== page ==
Sentences are chopped up at need, emphasizing words, intensifying meanings, or threaded long with phrases and insertions, building.

Then there is the just plain exquisite use of words to evoke. Take, as an example, this series of quotations from Rahel’s childhood visit to Dr Verghese Verghese with a bead stuck up her nose:

From behind the doctor’s curtain, sinister voices murmured, interrupted by howls from savaged children. … The slow ceiling fan sliced the thick, frightened air into an unending spiral that spun slowly to the floor like the peeled skin of an endless potato. … [outside] The noisy, carefree world of Those with Nothing Up Their Noses. … Lenin [small friend in the waiting room also with a Foreign Object Lodged Up the Nose] dressed like a taxi – yellow shirt, black, stretchlon shorts – regained his mother’s nylon lap (and his packet of chiclets). He sat on sari flowers and from that position of unassailable strength surveyed the scene impassively. … The chiclets were his to hold before the doctor saw him, and to consume after. All was well with the world. Perhaps he was a little too young to know that Atmosphere in Waiting Room, plus Screams from Behind Curtain, ought logically to add up to Healthy Fear of Dr V.V. …

I want to keep copying, for the wicked delight of her prose continues. In my 1998 Flamingo edition, I’m on page 132.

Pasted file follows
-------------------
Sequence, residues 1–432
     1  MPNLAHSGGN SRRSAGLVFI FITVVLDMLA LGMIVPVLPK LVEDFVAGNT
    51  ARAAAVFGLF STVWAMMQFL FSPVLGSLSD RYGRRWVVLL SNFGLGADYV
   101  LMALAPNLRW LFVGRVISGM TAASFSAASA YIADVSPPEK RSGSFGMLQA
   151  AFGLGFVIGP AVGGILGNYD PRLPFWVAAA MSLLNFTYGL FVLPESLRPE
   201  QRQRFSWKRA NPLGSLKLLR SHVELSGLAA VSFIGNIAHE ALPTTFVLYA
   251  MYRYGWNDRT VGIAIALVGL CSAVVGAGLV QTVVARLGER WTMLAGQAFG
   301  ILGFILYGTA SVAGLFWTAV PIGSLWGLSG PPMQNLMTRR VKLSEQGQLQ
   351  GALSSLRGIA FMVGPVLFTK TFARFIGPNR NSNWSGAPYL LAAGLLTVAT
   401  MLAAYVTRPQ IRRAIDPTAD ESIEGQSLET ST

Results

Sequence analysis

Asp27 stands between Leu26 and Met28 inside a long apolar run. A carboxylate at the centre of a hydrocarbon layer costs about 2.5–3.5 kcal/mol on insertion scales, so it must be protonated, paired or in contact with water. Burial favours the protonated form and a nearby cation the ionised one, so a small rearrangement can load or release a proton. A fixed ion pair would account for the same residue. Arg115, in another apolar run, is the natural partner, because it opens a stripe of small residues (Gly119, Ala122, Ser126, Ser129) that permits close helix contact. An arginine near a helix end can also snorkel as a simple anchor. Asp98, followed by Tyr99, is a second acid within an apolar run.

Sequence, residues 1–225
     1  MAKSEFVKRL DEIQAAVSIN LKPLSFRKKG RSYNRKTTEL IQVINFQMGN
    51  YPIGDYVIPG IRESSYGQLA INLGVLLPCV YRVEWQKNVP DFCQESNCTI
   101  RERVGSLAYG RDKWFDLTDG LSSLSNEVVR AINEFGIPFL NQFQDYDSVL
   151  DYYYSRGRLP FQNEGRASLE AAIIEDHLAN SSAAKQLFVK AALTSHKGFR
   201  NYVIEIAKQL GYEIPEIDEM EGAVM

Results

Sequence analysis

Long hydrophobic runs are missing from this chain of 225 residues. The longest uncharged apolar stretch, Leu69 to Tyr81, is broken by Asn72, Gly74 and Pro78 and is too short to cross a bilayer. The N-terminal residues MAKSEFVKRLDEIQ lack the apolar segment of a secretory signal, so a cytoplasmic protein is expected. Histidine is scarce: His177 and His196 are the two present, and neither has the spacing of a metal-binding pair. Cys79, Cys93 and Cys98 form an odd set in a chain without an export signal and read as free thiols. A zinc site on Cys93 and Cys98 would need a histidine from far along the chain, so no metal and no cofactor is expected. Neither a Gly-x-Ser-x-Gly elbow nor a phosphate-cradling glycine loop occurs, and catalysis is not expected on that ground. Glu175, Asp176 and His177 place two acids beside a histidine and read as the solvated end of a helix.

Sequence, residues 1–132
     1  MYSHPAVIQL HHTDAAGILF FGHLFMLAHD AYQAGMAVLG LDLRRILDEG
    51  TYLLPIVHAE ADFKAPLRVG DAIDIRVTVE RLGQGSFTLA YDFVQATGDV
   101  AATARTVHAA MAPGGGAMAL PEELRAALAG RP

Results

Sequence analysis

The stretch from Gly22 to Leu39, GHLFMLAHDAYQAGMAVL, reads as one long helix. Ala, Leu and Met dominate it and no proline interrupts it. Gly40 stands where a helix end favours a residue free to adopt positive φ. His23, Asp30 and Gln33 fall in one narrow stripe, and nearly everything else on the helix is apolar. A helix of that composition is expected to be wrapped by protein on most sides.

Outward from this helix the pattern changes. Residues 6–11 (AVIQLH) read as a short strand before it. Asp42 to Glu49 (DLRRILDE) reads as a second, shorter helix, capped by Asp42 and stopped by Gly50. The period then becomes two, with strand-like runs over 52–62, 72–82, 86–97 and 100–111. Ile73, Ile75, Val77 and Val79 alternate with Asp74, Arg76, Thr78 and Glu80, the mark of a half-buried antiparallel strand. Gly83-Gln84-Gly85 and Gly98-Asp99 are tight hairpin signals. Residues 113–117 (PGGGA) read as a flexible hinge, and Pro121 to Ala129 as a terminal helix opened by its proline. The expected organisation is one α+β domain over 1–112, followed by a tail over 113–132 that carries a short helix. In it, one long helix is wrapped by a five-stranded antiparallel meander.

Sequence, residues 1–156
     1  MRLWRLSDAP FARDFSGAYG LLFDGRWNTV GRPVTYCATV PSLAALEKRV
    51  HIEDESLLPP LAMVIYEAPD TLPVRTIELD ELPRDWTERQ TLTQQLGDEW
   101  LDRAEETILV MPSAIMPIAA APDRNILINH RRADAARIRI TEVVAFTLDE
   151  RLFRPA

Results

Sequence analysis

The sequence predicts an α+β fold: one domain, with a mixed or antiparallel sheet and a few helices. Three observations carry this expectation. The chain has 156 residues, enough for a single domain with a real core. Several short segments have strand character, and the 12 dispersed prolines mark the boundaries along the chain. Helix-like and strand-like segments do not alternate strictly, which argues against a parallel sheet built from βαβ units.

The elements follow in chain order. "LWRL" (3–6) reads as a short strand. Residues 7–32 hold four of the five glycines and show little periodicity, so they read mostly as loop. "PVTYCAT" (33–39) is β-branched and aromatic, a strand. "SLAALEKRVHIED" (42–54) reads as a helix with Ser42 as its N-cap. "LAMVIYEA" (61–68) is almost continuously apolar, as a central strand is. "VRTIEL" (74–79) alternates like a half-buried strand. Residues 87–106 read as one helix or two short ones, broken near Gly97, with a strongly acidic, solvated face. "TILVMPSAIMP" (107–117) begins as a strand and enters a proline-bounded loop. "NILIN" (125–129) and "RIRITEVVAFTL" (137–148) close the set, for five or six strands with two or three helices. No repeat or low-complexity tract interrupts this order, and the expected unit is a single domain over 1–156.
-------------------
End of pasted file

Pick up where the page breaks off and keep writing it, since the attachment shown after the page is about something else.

Tragic and hilarious, but not in equal measures.

 

June 15, 2016

Epic and engrossing, despite the fact that I only picked it up to study Mitchener’s style and approach to his subject.

It is old-school, heavy going in many places. This is the opening line of the second paragraph:

Over its brooding surface immense winds swept back and forth, whipping the waters into towering waves that crashed down upon the world’s seacoasts, tearing away rocks and eroding the land.

Shades of Genesis.

In the first chapter, 17 pages, there is no direct speech, there are no characters apart from the unidentified narrator, and the plot events are geologic or climatic. The time spans ‘millions and millions of years’ but, despite that, it is intense.

Mitchener tells stories well. The verisimilitude of his characters, plot events and settings had me convinced they must have been drawn closely from the factual. His style might feel dated now, but it had me reading whenever I had a spare few minutes. So I disagree with some reviewers that some of the major characters are one-dimensional.

Mitchener used many techniques to build the believability of his characters and their situations: newspaper articles and correspondence passed down through the generations, the Harvard student’s thesis into the sex lives of his forebears aboard the tiny ship out to Hawaii, and mythologies and genealogies transcribed by an objectionable, arrogant minister and curated in mainland American universities, for instance.

At 1,130 pages, in this edition, it is a lengthy read for a relatively short, human history. ‘Unflinching’ is a word I would use to describe the gaze of the writer into this history. Reading reviews clarified that for me: Mitchener lived in Hawaii for some years with his non-Caucasian wife, suffering unrelenting racism. The book explains how Hawaii came to be the way it was when Mitchener wrote of it and, despite the intensity of his feelings, the portrayal is complex, shot through with swirling light and darkness.